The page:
Why Didn’t The US Join League of Nations?

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Why Did The US Not Join The League of Nations?

Despite being the main thread of its birth, why did the US not join the League of Nations?

Well, here I will share with you four main reasons for this interesting historical fact and also the impacts of it.

Short Answer:

  • To Protect The Country From Civil War Type Condition.
  • American Leaders Thought, League of Nations Was An Expensive Deal For Them.
  • The Proposal Failed Getting Approval In The United States Congress.
  • Great Britain Had More Voting Power Than The United States.

So, the very first core reason is…

Why Did The US Not Join The League of Nations

1. To Protect US From Civil War Type Condition

The USA is the land of migrated people, mostly from Europe.

People mainly migrated here to avoid wars in the European continent.

Many German-Americans and other migrated people (from the enemy countries of WW1) also lived there when World War 1 broke out.

As per 1910’s census report, in the United States, around 8 to 10 percent of people were German-Americans, who spoke the German language.

During and after wartime, other extreme nationalists citizens of the US started executing violent activities against German-Americans, Socialists, and other migrated people who once belonged to the enemy nations.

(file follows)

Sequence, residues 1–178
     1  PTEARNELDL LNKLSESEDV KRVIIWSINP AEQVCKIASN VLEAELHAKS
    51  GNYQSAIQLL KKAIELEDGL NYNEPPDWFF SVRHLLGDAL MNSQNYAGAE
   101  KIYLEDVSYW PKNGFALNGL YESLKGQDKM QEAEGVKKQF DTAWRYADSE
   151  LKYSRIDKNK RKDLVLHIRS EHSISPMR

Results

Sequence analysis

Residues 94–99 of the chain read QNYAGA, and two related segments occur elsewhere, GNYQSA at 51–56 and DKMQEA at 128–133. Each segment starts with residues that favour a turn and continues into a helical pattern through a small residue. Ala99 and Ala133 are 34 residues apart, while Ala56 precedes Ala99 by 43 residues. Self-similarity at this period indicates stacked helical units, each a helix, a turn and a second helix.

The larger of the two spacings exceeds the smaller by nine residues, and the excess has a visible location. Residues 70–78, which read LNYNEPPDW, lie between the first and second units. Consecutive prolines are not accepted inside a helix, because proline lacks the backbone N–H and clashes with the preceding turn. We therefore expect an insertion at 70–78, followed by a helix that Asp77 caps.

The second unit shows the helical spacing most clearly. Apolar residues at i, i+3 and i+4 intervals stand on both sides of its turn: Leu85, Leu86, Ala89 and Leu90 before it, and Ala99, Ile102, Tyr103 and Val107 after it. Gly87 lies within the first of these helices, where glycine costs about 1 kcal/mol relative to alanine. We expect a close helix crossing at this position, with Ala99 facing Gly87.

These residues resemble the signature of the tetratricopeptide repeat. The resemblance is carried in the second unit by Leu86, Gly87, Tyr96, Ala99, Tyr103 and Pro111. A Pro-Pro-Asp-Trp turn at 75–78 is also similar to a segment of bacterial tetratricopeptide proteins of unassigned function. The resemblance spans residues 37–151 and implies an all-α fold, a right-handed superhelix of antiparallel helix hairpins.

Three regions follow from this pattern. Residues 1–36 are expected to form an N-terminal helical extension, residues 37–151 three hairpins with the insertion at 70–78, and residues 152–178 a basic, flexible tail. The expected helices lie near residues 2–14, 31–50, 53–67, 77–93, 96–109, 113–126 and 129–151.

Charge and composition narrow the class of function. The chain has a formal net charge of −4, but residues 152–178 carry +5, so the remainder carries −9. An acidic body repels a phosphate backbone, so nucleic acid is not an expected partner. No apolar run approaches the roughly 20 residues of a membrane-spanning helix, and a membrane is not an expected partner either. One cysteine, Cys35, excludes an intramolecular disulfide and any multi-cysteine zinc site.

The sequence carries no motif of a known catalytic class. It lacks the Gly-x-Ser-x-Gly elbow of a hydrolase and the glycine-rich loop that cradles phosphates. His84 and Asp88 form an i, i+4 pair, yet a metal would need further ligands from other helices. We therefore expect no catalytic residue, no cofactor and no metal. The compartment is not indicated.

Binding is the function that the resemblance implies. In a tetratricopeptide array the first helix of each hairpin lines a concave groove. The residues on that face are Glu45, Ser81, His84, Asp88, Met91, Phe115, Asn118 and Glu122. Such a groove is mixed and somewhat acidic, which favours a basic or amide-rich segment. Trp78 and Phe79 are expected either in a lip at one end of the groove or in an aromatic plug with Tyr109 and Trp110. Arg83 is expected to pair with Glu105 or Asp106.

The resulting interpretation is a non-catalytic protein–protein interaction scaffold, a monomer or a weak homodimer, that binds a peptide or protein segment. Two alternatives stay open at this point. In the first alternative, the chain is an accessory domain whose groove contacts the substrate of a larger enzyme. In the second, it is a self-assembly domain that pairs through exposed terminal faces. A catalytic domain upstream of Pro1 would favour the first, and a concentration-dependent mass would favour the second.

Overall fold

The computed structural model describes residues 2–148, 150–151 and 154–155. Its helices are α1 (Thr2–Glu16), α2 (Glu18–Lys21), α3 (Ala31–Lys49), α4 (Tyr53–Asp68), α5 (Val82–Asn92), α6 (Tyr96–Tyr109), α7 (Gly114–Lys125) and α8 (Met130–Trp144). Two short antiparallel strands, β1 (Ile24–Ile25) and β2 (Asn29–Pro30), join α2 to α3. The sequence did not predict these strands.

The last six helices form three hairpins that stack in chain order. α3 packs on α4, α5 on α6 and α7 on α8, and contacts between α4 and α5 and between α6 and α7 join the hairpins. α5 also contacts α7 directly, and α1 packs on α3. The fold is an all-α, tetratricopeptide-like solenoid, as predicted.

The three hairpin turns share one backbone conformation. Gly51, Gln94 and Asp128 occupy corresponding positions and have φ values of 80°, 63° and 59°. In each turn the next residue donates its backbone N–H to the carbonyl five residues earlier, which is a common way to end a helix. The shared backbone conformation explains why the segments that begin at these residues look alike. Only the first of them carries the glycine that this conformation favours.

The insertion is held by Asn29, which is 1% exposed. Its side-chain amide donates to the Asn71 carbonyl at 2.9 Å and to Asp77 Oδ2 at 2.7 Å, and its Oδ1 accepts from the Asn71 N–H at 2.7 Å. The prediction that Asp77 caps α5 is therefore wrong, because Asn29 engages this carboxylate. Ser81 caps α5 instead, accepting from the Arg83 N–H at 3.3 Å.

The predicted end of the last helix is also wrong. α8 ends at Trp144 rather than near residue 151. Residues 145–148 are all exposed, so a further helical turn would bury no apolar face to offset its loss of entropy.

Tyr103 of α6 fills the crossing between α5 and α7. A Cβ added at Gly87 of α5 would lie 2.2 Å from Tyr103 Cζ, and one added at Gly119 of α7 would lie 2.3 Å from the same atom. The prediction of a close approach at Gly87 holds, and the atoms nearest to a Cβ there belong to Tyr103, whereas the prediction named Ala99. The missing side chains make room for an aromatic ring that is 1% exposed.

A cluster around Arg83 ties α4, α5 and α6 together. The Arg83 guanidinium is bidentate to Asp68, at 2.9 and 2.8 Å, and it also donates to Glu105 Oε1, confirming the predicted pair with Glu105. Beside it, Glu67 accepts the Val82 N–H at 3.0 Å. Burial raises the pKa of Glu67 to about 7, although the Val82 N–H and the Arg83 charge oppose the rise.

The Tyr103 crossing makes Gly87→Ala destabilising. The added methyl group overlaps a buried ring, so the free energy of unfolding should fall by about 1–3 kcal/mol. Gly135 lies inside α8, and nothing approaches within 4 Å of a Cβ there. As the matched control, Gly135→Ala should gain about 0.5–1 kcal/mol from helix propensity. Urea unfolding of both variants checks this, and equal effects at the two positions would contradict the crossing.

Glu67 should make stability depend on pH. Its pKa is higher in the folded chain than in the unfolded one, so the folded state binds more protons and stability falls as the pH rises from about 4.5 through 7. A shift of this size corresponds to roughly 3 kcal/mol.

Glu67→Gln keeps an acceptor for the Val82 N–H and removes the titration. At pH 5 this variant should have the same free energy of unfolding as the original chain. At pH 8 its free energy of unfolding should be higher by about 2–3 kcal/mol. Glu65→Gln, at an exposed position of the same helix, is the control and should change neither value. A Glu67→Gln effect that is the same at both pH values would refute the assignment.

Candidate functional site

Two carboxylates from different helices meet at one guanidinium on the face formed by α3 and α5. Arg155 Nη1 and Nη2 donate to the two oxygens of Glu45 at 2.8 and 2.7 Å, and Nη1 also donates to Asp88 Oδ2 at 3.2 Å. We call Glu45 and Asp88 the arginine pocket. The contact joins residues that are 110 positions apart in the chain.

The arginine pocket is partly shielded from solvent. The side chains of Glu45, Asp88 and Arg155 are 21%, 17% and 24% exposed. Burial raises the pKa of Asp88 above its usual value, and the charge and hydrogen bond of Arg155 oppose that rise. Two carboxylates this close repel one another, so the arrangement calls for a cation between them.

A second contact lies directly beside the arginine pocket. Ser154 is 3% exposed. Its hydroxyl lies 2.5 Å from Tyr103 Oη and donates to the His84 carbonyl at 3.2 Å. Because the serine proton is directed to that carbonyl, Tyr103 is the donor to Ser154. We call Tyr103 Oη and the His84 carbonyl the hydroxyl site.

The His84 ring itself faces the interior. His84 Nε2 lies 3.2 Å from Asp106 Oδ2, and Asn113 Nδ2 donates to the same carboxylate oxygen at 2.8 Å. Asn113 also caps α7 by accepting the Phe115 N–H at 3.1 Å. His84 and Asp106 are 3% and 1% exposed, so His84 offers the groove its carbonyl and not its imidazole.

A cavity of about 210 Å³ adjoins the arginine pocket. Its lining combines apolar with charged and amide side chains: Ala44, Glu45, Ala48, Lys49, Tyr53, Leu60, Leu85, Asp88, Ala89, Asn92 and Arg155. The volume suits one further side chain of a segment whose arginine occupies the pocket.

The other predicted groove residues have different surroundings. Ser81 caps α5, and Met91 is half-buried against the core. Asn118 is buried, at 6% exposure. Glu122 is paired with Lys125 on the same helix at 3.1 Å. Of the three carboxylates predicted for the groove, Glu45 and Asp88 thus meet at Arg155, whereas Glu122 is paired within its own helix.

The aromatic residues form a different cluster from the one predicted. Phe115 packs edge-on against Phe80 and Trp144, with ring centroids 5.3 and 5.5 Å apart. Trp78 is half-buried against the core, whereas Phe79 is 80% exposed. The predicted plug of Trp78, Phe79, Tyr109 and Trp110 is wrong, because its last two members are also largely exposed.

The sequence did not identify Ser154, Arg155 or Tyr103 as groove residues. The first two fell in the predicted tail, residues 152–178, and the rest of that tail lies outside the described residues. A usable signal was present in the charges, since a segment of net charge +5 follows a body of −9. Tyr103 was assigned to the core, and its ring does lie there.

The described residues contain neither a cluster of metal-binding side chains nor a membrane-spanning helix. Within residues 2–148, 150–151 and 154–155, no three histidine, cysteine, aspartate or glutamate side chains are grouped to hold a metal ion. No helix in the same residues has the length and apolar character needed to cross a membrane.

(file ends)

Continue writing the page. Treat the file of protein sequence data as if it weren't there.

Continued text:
Many American intellects and politicians understood, if that type of violence kept happening the same way, then that would create major casualties in their own nation.

Probabilities were high, it would lead the nation to a Civil war type condition.

Therefore, they advised leaders to stay away from Europe’s internal affairs.

This was the first reason, which pushed the US a bit back from not joining the League of Nations.

Now, the next is…

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2. League of Nations Was An Expensive Deal For The Country

Some powerful leaders (especially from the opposition party), who opposed Woodrow Wilson’s decision, rationalized that the League of Nations would be an expansive deal for their country.

They said if the US joins and leads the League then that would kill the USA’s economy completely and the ability to protect their own self in the future.

Mainly, the international organization would increase the USA’s military budget so much.

Because they would have to send their militaries around the globe. And that would not be possible without spending money.

Hence, it would be better to stay away from joining and leading it.

 

3. Failed Getting Approval In The US Congress

Wilson was excited that the treaty of Versailles would be accepted in the American Congress and that would clear the USA’s route to join the new organization.

But as he hoped it didn’t happen in reality.

Senate proposed Wilson make some amendments in the treaty that it will protect the USA’s interest.

But Wilson didn’t show any interest in their proposal.

Either way, the fourteen points he proposed not get applied (By allied nations Great Britain, France) properly in creating the organization.

On the other hand, League’s constitution became vengeful against defeated countries (mainly against Germany).